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Most races for US Congress over before they start

WASHINGTON (Reuters) - While the struggle for control of the House of Representatives rages in three dozen hard-fought districts, at least 64 lawmakers can lean back, kick off their shoes and enjoy themselves Nov. 7.

They face no major-party opposition, having effectively won their races before they even started.

In fact, most of their colleagues can coast through this election, too, even if they have a challenger on the ballot. As in past years, few incumbents will be booted from office, and about 400 of the 435 House races are essentially over.

The widespread lack of competition at the congressional and state legislative level is fueled by a once-a-decade redistricting process that creates increasingly safe one-party districts and the spectacular amounts of money needed to mount a challenge to an entrenched incumbent, analysts say.

"In the vast majority of races around the country, there is no question who is going to win," said Larry Makinson, executive director of the Center for Responsive Politics. "Absent an indictment or scandal or $1 million in the bank, it's awfully difficult to unseat an incumbent."

In 1998, only six House incumbents -- five Republicans and a Democrat -- were kicked from office. The average re-election rate for incumbents, who enjoy tremendous advantages in name recognition and fund raising, is a whopping 94 percent over the last two decades.

Better chance of dying

In fact, once elected to Congress, a lawmaker stands more chance of dying in office than he does of being beaten even in a party primary, where the built-in advantage of a one-party district should not be as much help.

Ten members of Congress have died since November 1992, while only eight have lost in primary challenges.

The situation is not much better in the Senate, where only 15 of 34 Senate races this year are remotely competitive and one incumbent, Republican Jon Kyl of Arizona, is unopposed.

"Once an incumbent settles in, they face very little competition," said Robert Richie, executive director of the nonpartisan Center for Voting and Democracy. "The vast majority of races, particularly in the House, are fundamentally noncompetitive."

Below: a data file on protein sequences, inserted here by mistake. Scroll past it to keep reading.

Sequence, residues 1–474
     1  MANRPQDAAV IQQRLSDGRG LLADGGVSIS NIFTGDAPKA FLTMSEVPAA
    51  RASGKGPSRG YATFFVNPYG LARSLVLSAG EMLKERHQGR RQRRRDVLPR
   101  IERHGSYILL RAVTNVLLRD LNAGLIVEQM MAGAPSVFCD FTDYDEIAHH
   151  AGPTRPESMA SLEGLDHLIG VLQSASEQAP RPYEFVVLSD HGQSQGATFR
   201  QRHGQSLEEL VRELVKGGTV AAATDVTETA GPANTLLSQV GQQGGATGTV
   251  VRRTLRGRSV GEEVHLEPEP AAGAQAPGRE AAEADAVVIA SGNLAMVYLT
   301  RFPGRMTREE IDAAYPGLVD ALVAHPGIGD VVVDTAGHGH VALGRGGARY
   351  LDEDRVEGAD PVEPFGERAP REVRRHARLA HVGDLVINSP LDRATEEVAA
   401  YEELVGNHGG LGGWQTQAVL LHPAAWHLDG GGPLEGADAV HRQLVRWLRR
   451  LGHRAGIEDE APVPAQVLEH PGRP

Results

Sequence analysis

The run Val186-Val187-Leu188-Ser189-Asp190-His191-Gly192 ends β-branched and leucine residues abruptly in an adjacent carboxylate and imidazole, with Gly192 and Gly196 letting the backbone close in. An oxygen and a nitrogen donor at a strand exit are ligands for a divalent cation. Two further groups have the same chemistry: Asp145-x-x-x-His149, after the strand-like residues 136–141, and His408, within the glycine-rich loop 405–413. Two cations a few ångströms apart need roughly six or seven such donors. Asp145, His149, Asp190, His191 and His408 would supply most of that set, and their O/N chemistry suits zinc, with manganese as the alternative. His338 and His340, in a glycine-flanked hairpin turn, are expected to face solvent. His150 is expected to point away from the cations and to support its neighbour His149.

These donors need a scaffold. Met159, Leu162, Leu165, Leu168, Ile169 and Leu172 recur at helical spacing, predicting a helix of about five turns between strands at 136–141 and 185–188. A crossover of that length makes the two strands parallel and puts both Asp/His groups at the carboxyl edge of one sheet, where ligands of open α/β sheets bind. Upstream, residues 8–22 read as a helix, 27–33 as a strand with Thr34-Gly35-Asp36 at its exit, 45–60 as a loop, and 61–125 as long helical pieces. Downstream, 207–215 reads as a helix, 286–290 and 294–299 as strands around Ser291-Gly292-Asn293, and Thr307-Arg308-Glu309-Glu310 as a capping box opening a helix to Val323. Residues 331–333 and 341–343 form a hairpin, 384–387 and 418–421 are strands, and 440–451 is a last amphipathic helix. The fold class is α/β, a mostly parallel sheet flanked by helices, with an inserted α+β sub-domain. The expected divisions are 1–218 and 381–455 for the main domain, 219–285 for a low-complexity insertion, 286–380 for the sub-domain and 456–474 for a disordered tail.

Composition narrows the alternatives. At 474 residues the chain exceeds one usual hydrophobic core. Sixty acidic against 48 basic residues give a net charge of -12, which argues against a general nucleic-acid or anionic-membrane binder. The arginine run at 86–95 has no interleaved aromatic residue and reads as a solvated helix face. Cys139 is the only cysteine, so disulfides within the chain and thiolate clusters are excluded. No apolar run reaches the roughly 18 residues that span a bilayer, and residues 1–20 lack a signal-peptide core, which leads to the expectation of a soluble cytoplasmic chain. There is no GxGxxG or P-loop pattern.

Both parties seem to benefit equally from the competition vacuum -- of the 64 candidates without major-party opposition this year, 31 are Republicans and 33 are Democrats.

Analysts say the biggest contributor to the lack of competition is redistricting, the once-a-decade process in which the boundaries of congressional and state legislative districts are redrawn based on census data.

Redesign to own advantage

While they are supposed to be redrawn equally to reflect changes in population, parties have traditionally used the process to redesign districts to their advantage, shuffling whole neighborhoods or towns from one district to another in hopes of helping or hurting an incumbent or making a district more reliably Republican or Democratic.

Under redistricting, a process that begins in the state legislature in 44 of 50 states, "legislators literally choose their constituents before their constituents choose them," their constituents before their constituents choose them," Richie said in a recent report.

The other culprit is money. Campaign spending records are falling at all levels of the ballot, with the hotly contested race in Republican Rep. James Rogan's suburban Los Angeles district setting a new record of more than $10 million -- high even for a Senate race.

Incumbents can raise the big money they need more easily. In the first 18 months of the 2000 election cycle, there were only 71 House districts where a candidate did not hold at least a two-to-one financial advantage on the competition, Makinson said.

Political parties are hesitant to wade into a race and spend the crucial funds needed to support a challenger unless they sense a realistic hope of a pay-off.

"Your time and resources are limited and you need to focus on races you can win," said John Del Cecato, spokesman for the Democratic congressional campaign committee.

Even candidates with noncompetitive races still rake in the donations, Makinson said, building up war chests for future races or sprinkling colleagues with donations in preparation for runs at prestigious leadership or committee posts.

By July 1, 1999, more than a year before this year's election, the average incumbent had $300,000 in the bank for campaigning, Makinson said. That discourages challengers.

"There are a lot of incumbents raising a lot of money and setting it aside for the next campaign, and the moat they build around the castle of incumbency becomes even deeper," Makinson said.

Frustrated by the lack of competition, filmmaker Michael Moore launched a drive earlier this year to get voters to write in a potted plant -- specifically, a ficus -- in more than 20 congressional races where candidates were unopposed.

"In a country where the majority no longer vote, writing in ficus will give the disenfranchised voter a chance to cast a vote for 'none of the above,"' Moore said on his Ficus 2000 campaign Web site.

 



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Monday, October 30, 2000


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